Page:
Photos Capturing Life Inside the 7 Muslim Countries on Trump's Banned List

Trump's reform aimed at blocking immigration from seven primarily Muslim countries divided the public and showed how nations were gradually withdrawing into themselves. Last January, the Muslim Ban (or Travel Ban) decree stopped people from Iraq, Iran, Libya, Sudan, Somalia, Syria and Yemen from entering the USA.

Image: Mohamed Altoum, Sudan

Demonstrations mushroomed all around the country to protest this discrimination against Muslims, considered as "potential terrorists" by the POTUS. This decree was later thrown out by the courts. Nonetheless, after being reworded and having Iraq dropped from the list, the monstrous resolution officially went into effect last June. The only thing that changed was that it is not a blanket ban anymore, but targeted "only" people who don't have a "valid link" with America or American residents. Sigh...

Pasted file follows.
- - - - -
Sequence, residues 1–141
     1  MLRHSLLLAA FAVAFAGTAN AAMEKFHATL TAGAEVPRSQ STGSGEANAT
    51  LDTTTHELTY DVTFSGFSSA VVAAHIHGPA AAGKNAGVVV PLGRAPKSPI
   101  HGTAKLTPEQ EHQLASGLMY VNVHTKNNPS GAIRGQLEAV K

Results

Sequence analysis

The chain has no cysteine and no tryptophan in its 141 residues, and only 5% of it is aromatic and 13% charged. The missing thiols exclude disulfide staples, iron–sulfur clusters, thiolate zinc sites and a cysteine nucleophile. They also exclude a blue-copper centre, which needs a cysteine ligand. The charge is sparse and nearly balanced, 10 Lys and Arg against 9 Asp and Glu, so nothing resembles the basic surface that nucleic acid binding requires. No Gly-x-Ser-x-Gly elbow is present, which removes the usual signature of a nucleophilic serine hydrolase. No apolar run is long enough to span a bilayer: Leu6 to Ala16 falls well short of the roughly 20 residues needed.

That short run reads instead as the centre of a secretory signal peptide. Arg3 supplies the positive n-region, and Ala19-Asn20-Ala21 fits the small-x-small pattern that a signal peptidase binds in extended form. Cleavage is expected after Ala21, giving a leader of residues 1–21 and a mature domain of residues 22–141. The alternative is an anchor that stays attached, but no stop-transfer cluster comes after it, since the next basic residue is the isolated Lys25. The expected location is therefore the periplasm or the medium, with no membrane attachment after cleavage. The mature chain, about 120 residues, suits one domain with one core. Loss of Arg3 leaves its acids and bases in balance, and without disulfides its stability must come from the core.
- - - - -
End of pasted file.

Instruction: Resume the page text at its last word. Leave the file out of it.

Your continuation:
Now that we are reaching the end of Trump's first year as president, we still remember the case of Palestinian photographer Eman Mohammed, living in Washington with her family, who couldn't participate in the World Press Photo 2017 in Amsterdam because she couldn't be sure she'd be able to go back to the USA, even though her native country doesn't figure on this ban list (Palestine is not recognised as a bona fide country by the USA but as an occupied territory).

March 7, 2015, Tehran, Iran. An Iranian woman and a man smoking a cigarette in one of Tehran's café. (Image: Morteza Nikoubazl/Zuma Press)

Such shocking stories are legion. Take for instance Iranian director Asghar Farhadi, He couldn't travel to the 2017 Oscars ceremony although his movie, The Salesman, was nominated. Ironically, he won the Best Foreign Language Film Award. Against this American lack of respect for the Arab world, the loss of freedom, the arbitrary labeling people according to their origins and the growing stigmatisation of people of Arab and/or Muslim denomination in the West, the 3K Project was born.